Molly Webster
"molly webster" Discussed on KQED Radio

KQED Radio

04:13 min | 1 year ago

"molly webster" Discussed on KQED Radio

"As Molly Webster said our chromosomes carry our genes in DNA molecules in our DNA tells our bodies how to express themselves physically whether we have ovaries or testes whether we have a **** or **** but what about our brains there are many theories on how women's brains differ from men's brains that's neuroscientist Lisa Mosconi on the Ted stage I've been looking a brace for twenty years pink and blue Barbie and lego those are all the inventions that have nothing to do with the way our brains that said that women's brains differ from men's brains in some respect Lisa studies the connections between neuroscience and biological sex specifically when it comes to women's health and hormones are a big part of that a lot of people working in my field I can the brain field to not V. in the the work at home that much we don't think about the productive organs to something that could potentially affect the brain in the OBGYN said not equally prepared perhaps to talk about the brain hormones allow the brain and the reproductive organs to talk to each other and that conversation is crucial the firm assigned to the perspective and biological perspective DNA really dictates what kind the hormones your body's producing thirsty during the premiums have faith when you're visiting Andrea developing these common sense really dictate all kind of four nine six three two eight in your blood stream and then inside your brain so if you have an expense to start with your brain is going to develop in such a way that optimizes for estrogen in that sense very early it's almost three months into the station with the baby brains is born and then it's going to grow more and more than reading them there are growth factors to really promote brain development and development of the body of the child Indian media the start populating the baby brain with estrogen receptors whereas if you have an X. Y. E. N. D. Y. chromosome contains genes that will make your body produce androgens like testosterone and that means that your brain is going to optimize for androgen receptors since in the very moment you're born you're going to have a brain this is really loaded with estrogen and estrogen receptors or with androgens an androgen receptors so structurally this brings me to the different or biochemical this brings it in the end of the difference from the monitor born most people think of the brain is some kind of black box isolated from the rest of the body but the reality of brain setting constant interaction with the rest of us these interactions are mediated by your hormones and we know the Hormuz differ men have more testosterone women have more estrogen the brain is connected to the reproductive systems via and network discontinuities are part of the new don't endocrine system is part of the system the brain talks to the overseas in the overseas talk back to the brain every day of their life as women the old ladies is linked to the health of the brain in the other way around at the same time four nine six estrogen I not only involved in pre production but also in brain function in estrogen in particular estradiol is really keen for energy production in the brain I think it's interesting to know how it worked a little bit like key they need to open specific law yeah India's locks conference centers for example in the female brain very specific parts of their brains they're very dense with receptors and that's where the hormones go the bind to the receptors being taken.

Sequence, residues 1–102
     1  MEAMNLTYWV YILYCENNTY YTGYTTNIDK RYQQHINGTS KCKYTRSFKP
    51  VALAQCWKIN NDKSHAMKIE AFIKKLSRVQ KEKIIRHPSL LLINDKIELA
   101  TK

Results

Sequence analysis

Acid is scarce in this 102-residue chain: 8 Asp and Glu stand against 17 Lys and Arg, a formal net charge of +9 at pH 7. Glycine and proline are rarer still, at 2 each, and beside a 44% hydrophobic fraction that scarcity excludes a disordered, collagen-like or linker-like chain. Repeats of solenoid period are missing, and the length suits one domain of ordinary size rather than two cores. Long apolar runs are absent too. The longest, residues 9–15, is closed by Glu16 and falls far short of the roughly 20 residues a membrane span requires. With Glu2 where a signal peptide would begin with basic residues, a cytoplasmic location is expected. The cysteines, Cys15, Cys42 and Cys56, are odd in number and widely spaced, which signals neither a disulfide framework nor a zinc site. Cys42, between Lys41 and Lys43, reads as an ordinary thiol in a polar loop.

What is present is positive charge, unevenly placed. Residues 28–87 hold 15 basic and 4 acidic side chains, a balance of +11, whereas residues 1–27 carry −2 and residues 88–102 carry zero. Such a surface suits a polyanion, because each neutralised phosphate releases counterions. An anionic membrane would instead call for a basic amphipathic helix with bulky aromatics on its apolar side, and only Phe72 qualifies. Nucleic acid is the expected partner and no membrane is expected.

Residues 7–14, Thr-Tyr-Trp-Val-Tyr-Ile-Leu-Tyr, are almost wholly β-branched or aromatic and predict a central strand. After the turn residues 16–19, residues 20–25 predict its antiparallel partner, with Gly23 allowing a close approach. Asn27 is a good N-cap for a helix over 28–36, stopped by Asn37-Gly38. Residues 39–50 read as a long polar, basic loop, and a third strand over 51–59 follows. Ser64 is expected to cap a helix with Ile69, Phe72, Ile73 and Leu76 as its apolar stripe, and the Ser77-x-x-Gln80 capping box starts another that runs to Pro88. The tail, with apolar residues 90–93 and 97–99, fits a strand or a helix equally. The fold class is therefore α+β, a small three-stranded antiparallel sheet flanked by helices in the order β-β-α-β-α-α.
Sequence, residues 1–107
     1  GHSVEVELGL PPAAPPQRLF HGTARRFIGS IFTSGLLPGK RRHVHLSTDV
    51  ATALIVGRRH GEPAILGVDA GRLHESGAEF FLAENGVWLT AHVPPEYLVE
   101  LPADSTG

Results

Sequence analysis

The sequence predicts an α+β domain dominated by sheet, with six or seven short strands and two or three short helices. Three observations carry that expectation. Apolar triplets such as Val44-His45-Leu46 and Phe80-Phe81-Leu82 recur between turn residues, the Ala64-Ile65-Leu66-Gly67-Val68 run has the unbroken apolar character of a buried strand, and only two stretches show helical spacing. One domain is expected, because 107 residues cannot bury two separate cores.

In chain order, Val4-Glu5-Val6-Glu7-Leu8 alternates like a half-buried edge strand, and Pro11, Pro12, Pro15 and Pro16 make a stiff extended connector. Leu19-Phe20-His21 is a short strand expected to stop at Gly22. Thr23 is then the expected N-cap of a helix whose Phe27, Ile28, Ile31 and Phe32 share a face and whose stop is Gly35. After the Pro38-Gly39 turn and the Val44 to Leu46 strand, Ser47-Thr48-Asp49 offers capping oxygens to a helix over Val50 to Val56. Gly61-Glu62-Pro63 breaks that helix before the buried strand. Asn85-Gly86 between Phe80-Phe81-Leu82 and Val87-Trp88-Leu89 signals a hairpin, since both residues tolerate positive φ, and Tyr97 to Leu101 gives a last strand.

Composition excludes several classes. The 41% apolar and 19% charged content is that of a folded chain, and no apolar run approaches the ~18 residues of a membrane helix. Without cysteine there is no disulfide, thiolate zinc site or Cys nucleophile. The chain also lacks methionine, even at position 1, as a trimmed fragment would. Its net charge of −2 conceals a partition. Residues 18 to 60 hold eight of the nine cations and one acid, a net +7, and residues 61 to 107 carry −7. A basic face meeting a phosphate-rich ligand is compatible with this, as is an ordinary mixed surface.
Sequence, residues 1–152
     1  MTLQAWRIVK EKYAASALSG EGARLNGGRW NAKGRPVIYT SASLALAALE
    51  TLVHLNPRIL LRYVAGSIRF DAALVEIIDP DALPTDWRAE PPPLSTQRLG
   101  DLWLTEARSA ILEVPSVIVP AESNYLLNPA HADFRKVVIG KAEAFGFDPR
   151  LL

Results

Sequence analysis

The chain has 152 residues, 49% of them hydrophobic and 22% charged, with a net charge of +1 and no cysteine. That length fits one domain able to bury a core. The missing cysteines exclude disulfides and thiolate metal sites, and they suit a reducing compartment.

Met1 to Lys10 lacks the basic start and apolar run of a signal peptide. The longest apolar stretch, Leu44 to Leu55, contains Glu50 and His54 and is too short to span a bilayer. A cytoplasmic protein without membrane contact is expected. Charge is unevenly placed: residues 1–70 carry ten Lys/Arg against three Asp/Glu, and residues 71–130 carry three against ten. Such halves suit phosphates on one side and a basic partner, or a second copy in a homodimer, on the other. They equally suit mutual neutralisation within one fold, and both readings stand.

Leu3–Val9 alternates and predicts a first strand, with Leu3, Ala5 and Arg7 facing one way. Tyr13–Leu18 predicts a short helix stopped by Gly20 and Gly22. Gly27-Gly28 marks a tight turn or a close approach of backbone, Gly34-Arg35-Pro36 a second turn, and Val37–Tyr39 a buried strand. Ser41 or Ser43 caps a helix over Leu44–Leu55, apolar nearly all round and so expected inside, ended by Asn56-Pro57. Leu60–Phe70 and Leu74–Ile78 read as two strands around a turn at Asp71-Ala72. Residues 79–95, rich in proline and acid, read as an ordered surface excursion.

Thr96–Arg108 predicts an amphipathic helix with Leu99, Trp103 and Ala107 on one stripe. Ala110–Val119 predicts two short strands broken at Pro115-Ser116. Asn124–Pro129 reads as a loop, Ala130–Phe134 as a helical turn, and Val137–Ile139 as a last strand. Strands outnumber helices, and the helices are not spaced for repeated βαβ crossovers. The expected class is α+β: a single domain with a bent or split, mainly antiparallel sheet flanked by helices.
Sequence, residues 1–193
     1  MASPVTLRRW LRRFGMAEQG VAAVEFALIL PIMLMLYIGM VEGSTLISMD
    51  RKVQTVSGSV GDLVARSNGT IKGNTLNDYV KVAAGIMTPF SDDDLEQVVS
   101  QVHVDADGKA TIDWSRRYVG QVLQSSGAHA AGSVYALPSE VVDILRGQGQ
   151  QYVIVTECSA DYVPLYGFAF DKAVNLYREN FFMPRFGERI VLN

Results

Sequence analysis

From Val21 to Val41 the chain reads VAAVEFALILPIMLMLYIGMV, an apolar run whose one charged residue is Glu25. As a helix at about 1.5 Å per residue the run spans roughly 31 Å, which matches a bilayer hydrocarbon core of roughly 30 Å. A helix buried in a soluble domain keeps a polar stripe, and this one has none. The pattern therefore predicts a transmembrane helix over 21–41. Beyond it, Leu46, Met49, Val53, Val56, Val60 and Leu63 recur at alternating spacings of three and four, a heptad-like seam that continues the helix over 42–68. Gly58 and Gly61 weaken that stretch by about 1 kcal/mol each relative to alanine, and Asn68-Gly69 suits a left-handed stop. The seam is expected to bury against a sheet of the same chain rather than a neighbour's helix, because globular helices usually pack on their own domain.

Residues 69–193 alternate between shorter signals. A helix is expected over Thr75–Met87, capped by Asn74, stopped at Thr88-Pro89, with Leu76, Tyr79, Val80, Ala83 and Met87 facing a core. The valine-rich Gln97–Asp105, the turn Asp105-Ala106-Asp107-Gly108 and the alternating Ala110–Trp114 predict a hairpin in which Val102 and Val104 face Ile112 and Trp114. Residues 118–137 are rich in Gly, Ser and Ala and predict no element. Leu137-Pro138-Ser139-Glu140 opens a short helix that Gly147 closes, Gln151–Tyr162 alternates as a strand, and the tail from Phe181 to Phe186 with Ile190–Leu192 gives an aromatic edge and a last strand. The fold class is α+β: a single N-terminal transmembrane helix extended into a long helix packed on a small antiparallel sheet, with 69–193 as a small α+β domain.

Molly Webster
"molly webster" Discussed on WNYC 93.9 FM

WNYC 93.9 FM

01:58 min | 1 year ago

"molly webster" Discussed on WNYC 93.9 FM